Mascots: the Cutest Social Police?

Posted on by Christina Xu
Image via Wikipedia.
Image via Wikipedia.

In the years leading up to the 2008 Beijing Olympics, the Fuwa (福娃, “dolls of good fortune”), the official Olympic mascots, were everywhere: on billboards, in TV ads, made into stuffed toys, and erected as mini-statues in malls and airports all across the country. Since then, hyper-cute anthropomorphic mascots designed through public contests have become all…

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An icon font for Chinese provinces and East Asian countries

Posted on by Jason Li

eyesasia

From Haoyun Su:

Inspired by ProPublica’s StateFace, EyesAsia is a web font focusing on East Asia. In brief, you type a letter and get a mini map in return (open-sourced on Github). It includes the following shapes:

  • East Asian countries, such as Japan and South Korea.
  • China’s provinces and cities (administrative level one).
  • China’s five major lakes, such as Taihu Lake, Qinghaihu Lake.

More at…

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A Look Back: Our Writing on Internet Culture & Graphic Novels in China

Posted on by Jason Li

Editor’s note: This post was commissioned by The London Book Fair, who wished to offer attendees in its upcoming conference an introduction to internet culture, graphic novels and book culture in Greater China.

 

Internet memes are alive and kicking in China, though they might not be the ones we’re used to seeing. If you only had time to learn about one Chinese meme, it would have to be the obscenely-named grass…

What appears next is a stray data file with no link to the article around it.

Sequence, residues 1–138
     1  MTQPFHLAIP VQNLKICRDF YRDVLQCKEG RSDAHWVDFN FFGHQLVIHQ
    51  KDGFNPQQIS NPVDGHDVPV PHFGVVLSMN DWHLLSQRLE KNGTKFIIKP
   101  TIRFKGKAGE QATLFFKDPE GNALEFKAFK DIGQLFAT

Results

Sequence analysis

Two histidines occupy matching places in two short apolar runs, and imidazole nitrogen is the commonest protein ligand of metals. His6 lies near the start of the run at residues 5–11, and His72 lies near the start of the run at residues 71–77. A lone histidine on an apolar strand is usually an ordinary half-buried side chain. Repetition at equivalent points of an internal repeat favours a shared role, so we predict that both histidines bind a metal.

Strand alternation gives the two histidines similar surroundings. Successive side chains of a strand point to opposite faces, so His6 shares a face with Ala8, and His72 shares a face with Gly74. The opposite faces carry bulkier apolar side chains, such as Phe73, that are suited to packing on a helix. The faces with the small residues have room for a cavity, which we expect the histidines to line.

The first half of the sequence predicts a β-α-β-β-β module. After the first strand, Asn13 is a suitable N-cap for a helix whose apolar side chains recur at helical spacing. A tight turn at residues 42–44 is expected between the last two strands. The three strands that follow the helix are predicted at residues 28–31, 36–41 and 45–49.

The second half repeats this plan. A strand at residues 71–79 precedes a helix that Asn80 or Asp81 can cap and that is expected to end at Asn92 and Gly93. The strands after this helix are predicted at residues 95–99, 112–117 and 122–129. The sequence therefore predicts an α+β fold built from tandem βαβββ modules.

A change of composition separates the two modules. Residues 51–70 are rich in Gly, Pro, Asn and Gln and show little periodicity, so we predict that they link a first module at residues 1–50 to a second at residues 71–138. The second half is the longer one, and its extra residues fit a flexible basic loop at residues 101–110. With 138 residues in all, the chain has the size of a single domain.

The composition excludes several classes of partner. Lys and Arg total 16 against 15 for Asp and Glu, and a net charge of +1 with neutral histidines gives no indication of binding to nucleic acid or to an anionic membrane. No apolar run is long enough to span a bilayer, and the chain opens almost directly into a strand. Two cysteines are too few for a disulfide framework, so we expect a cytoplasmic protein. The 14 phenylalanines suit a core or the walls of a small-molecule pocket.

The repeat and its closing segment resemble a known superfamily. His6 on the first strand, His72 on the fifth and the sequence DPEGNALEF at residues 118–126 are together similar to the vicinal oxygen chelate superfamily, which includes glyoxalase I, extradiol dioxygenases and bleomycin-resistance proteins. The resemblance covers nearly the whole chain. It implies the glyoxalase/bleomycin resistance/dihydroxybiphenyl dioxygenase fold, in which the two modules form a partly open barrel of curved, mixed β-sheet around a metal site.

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Spelunking on the Chinese internet for Nicki Minaj fans

Posted on by Christina Xu

From That’s What Xu Said:

I went spelunking on the Chinese internet today. What started off as an innocuous search for Chinese Nicki Minaj fans quickly turned into a hunt for the ingenious, hilarious, and often slightly insulting nicknames created by Chinese fans for the American pop stars whose names they can’t pronounce.

After an inappropriate amount of time on Weibo and the Chinese equivalent of Yahoo Answers, I present the greatest…

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The Translation Detail Everyone Missed in the China Internet’s Incredibly Surreal Anthem

Posted on by Jason Li

In case you missed it, the New York Times, ProPublica, the Guardian and the Atlantic all wrote about this incredibly surreal but voted best of event anthem celebrating China’s glorious internet. Thanks to ProPublica we have a subtitled, Youtube video above.

As James Fallows at the Atlantic pointed out, one of the most stirring phrases in the song that is repeated eight times during…

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Book Review: China Airborne by James Fallows

Posted on by Jason Li

china_airborne_cover

In China Airborne, Fallows skillfully uses the rise and uncertain future of the aviation industry in China as a parable for the development in China. An avid political-economic analyst and storyteller, Fallows’ account is surprisingly easy to read, given the complexity of his argument that China is “contradictory” yet exciting.

Fallows is a charismatic writer with a succinct style. As such, not only do we…

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